Should I ask for an ablation

Hi everyone,

I don't comment much on the site but do read regularly and try keep up with a lot of the posts and good advice given by others.

I'm in persistent AF with no symptoms apart from the usual worry of it all, which I seem to have got under better control as time goes on.

My question is, even though I don't have symptoms and still swim and walk the dogs regularly and try to stay healthy, if given the option would you have an ablation?

Cheers

Adrian

14 Replies

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  • I would pursue this, because it would be worth having your situation assessed by an expert. If it is felt that you are indeed fine as you are, then you know where you stand. An ablation would only be offered if there's a good possibility that it might improve your circumstances or your long term health.

  • Thanks for your reply

    I have an appointment with the cardio nurse tomorrow.

    I will be asking for a referral to an EP specialist.

    After all we are al looking for is answers

    Cheers

  • I think the EP is best qualified to answer that question but I can offer my take. As a great fan of ablation as many will know my answer may surprise. Ablation like all treatments for AF is about improving quality of life. Since you are asymptomatic one must question the wisdom of going for a procedure which is not totally risk free. OK the risks are very small but they still exist. Against this must be weighed the rather reduced chance of success. I'm not saying it will not work but persistent AF is less likely to respond than paroxysmal.

    Provided that your AF is well controlled by drugs then I would question taking a path which may well lead to needing multiple procedures. It is all about the risk/benefit equation and only you can answer that one.

    Bob

  • Thanks Bob

    This same question has been on my mind.

    If and when I get the appointment I hope maybe, I get some answers.

    My quality of life is not really affected but at 49 and very active before I went into AF Im still finding it quite difficult to mentally adjust, but must say Iam winning that battle, albeit slowly. Lol

    Thanks again for your response.

    Adrian.

  • I too am pro ablation when it comes to improving the quality of life, but you need to think carefully. As Bob says, ablation can be more of a challenge when in persistent AF and it may expose you to a different range of issues that could be difficult to mentally adjust too...not an easy decision, but with the help of a good EP, I hope you make the right one....good luck, John

  • Thanks John.

    I understand the success rate is lower and I may be exposed to other issues, it's the other issues which are the worry.

    If I get to see an EP I would hope I will get the right guidance.

    Cheers

  • There's another angle you must consider. Yes you are asymptomatic or largely so but that does NOT mean that things will remain that way. In years to come you could become significantly symptomatic. Bi know because that's what happened to me. If that's 5 years down the line the chances of success will be much smaller than today. As you are only 49 this is even more important. See what your current EP says and then seriously consider seeing one of the leading EPs privately.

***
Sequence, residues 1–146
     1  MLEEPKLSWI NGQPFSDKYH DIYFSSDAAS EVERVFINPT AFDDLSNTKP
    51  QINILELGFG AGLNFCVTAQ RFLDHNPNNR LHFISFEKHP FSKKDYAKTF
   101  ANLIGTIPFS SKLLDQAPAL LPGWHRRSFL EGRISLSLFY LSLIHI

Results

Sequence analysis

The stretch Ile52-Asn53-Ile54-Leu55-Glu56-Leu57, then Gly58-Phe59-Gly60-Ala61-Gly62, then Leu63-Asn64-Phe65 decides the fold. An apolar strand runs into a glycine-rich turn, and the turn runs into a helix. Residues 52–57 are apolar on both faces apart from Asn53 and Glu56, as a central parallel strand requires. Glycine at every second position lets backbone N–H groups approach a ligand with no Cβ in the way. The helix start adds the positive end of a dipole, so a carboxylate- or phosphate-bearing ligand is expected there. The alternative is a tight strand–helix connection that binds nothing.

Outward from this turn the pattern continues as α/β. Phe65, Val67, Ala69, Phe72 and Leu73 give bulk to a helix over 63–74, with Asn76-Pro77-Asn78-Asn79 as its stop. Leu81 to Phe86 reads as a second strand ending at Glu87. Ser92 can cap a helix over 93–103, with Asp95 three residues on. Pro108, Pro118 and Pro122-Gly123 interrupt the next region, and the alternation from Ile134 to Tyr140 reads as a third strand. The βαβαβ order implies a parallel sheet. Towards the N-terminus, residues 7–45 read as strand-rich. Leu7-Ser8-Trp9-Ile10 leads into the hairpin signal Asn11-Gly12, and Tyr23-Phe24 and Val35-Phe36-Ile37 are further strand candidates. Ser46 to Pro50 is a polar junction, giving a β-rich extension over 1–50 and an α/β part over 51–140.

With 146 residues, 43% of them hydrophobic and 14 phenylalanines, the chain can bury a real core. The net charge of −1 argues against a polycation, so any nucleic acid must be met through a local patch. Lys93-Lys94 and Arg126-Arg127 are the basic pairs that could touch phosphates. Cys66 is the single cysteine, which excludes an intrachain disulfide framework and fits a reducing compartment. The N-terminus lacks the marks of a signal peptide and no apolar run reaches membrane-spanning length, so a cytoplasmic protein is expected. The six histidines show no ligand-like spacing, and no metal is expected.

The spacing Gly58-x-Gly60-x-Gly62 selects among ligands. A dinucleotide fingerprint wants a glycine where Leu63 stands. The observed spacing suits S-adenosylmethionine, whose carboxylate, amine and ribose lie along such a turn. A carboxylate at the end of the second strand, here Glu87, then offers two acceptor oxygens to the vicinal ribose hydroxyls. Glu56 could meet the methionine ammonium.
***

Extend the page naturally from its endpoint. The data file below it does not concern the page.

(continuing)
• Hi Peter

    That is another one of the questions I was going to raise.

    Leaving as it is and waiting for it to get worse is not a good thing to do in my book.

    The private route was another thing I was going to do.

    You never seem to get very definitive answers or is it just me????

    Cheers

  • No it's not just you it's quite common I suspect.

    You need to be pointed and specific and most importantly say I want everything to be about my case (ie your case) and not generalities.

    I had cardioversion but reverted to AF just over 24 hours later. When I saw EP again I said to him that I wanted him to be honest and realistic. He said that the only realistic option was an ablation. I asked him what he thought he chances of success were in MY case. He said that in my case he would bring forward the post procedure review from 3 months to 6 weeks in the hppe that I would still be in NSR at that point so he could see the heart beating normally. However he said that he thought it would definitely take two or quite possibly three ablations for it to work and that it wouldn't work first time. I only lasted just under 72 hours in NSR.

    I was glad that he was frank.

  • My first cardio version lasted 18 months and think the stress of my job added to it jumping again. No second cardio version as they said it was pointless.

    I have a friend that lasted 3 months the first time but has gone over 5 years and is still NSR now, go figure. Lol

    They do generalise as you say.

    How are you now?

    Cheers

  • Why is the second cardioversion pointless? Mine lasted 4 months and I'm due to have another one next month. I'm similar to you in that I'm 47 and in persistent AF. Did you take any medication after your cardioversion?

    Cheers,

    Stuart

  • Hi Stuart

    Thanks for replying, I took a small dose of bisoporol after my cardioversuon. About 1.5mg.

    When did find out that had permanent AF?

    Cheers

    Adrian.

  • Hi Adrian,

    I'm in persistent AF, not permanent-big difference. I was diagnosed in May after suffering exercise intolerance. After my cardioversion I was put on Flecainide to help to keep in rhythm but I didn't get on with it. I was also taking Bisoprolol 2.5mg

    Cheers,

    Stuart

  • From what I have learnt and read on here I certainly wouldn't agree that it's pointless to have a second cardioversion - in fact quite the opposite. I would definitely push for one.

    Have you seen an EP?

    Waiting for my second ablation.

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